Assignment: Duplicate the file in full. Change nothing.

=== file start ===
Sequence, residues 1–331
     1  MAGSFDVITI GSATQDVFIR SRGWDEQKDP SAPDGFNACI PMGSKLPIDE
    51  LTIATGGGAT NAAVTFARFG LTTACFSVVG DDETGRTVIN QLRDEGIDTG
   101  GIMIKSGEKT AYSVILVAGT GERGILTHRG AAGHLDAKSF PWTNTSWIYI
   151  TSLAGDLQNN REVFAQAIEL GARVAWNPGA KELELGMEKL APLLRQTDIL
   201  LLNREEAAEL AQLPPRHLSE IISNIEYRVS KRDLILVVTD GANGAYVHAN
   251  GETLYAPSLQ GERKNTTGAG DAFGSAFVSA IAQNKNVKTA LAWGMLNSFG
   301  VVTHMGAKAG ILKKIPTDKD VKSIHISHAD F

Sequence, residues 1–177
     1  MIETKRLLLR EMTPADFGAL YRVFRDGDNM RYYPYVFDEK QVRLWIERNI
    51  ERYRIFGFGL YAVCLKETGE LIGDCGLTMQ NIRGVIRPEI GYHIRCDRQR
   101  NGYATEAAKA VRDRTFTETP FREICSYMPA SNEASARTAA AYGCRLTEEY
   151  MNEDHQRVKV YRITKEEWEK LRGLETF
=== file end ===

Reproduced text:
Sequence, residues 1–331
     1  MAGSFDVITI GSATQDVFIR SRGWDEQKDP SAPDGFNACI PMGSKLPIDE
    51  LTIATGGGAT NAAVTFARFG LTTACFSVVG DDETGRTVIN QLRDEGIDTG
   101  GIMIKSGEKT AYSVILVAGT GERGILTHRG AAGHLDAKSF PWTNTSWIYI
   151  TSLAGDLQNN REVFAQAIEL GARVAWNPGA KELELGMEKL APLLRQTDIL
   201  LLNREEAAEL AQLPPRHLSE IISNIEYRVS KRDLILVVTD GANGAYVHAN
   251  GETLYAPSLQ GERKNTTGAG DAFGSAFVSA IAQNKNVKTA LAWGMLNSFG
   301  VVTHMGAKAG ILKKIPTDKD VKSIHISHAD F

Sequence, residues 1–177
     1  MIETKRLLLR EMTPADFGAL YRVFRDGDNM RYYPYVFDEK QVRLWIERNI
    51  ERYRIFGFGL YAVCLKETGE LIGDCGLTMQ NIRGVIRPEI GYHIRCDRQR
   101  NGYATEAAKA VRDRTFTETP FREICSYMPA SNEASARTAA AYGCRLTEEY
   151  MNEDHQRVKV YRITKEEWEK LRGLETF